As part of the effort to crack down on the chronic violence that has plagued Greek universities, Prime Minister Kyriakos Mitsotakis announced a series of measures on Monday for the protection of both staff and students as well as campuses.
These measures foresee the establishment of university police, the installation of cameras and an entrance card for universities, as well as harsher penalties for offenders.
“After the punishment of Golden Dawn, the time has come to face the other side of the parastate, the one that this time wears a left-wing mask,” Mitsotakis said addressing a teleconference with university rectors. “Fascism may change colors, but it has the same substance,” he added.
The campus policing body will have special training, will be based in universities and will prevent criminal behavior on the grounds. When required, it will seek the assistance of the Hellenic Police (ELAS).
Kathimerini understands that the force will have pre-investigative duties, meaning its officers will be able to file cases if crimes are committed. It has not been clarified whether they will be a part of ELAS or the administrations of the universities, as well as whether they will be armed or not.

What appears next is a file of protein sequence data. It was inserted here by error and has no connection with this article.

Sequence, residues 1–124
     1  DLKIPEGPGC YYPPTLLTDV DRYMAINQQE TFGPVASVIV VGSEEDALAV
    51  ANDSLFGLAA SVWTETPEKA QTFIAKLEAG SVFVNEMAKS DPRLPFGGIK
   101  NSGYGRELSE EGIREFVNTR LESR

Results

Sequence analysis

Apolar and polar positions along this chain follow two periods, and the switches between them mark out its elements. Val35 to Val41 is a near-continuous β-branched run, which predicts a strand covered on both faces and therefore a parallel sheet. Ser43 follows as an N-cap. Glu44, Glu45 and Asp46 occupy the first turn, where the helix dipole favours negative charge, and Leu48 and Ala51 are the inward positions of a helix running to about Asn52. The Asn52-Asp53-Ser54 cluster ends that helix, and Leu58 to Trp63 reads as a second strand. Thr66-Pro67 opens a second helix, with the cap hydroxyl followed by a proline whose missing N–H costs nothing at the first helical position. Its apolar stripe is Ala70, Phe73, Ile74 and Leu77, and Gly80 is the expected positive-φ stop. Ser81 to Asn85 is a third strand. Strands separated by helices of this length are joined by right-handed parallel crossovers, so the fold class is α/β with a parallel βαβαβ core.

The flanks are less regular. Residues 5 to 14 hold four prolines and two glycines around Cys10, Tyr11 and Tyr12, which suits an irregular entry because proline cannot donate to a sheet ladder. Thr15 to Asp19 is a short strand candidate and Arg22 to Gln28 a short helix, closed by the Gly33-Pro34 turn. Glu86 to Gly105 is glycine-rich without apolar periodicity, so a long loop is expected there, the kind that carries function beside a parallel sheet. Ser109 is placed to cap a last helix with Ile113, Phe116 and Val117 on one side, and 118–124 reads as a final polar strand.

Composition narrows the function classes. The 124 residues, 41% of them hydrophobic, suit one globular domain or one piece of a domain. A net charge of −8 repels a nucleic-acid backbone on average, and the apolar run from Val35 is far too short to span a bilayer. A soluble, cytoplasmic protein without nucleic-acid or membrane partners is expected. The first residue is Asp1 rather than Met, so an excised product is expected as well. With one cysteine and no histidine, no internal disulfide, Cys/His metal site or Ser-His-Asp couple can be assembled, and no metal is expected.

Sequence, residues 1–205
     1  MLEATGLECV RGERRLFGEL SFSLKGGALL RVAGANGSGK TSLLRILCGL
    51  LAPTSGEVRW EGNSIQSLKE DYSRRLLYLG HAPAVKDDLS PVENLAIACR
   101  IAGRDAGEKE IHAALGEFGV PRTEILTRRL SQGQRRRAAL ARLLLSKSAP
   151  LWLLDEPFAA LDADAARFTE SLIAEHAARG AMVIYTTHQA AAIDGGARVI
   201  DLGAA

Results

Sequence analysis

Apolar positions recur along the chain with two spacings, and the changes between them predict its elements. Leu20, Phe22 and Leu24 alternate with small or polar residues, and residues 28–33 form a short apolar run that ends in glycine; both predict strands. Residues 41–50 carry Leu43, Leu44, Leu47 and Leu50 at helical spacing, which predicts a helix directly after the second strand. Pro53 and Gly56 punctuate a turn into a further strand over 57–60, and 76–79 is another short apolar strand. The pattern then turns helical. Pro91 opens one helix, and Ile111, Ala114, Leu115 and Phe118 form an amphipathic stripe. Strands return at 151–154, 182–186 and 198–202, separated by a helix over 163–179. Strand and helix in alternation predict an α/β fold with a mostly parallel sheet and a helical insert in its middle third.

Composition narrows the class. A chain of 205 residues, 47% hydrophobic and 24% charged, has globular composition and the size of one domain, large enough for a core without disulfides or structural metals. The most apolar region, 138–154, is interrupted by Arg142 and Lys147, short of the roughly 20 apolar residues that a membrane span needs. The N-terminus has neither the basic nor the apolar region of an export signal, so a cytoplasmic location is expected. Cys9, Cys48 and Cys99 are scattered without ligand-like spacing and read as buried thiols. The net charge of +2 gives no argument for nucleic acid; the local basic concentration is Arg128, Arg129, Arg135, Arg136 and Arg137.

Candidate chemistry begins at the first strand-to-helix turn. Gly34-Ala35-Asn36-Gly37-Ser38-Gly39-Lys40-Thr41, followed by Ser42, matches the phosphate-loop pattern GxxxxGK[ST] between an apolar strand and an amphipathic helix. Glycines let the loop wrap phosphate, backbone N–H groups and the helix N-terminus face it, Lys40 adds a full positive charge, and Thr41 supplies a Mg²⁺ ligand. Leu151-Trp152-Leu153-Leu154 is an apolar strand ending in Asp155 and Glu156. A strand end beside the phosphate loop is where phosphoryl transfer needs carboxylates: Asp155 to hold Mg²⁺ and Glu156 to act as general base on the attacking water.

The government’s response came in the wake of the latest attack last Thursday by self-styled anarchists who entered the office of the rector of the Athens University of Economics and Business, smashing everything in sight and hanging a sign round his neck with a slogan.
SYRIZA’s shadow education minister Nikos Filis took issue with the PM’s comments, which he said seek to equate the Left with fascism and accused him of sowing division in society.
“The prime minister turned back the clock of history to division in order to mislead society, to hide the government’s responsibilities for the financial and health management of the pandemic,” he said.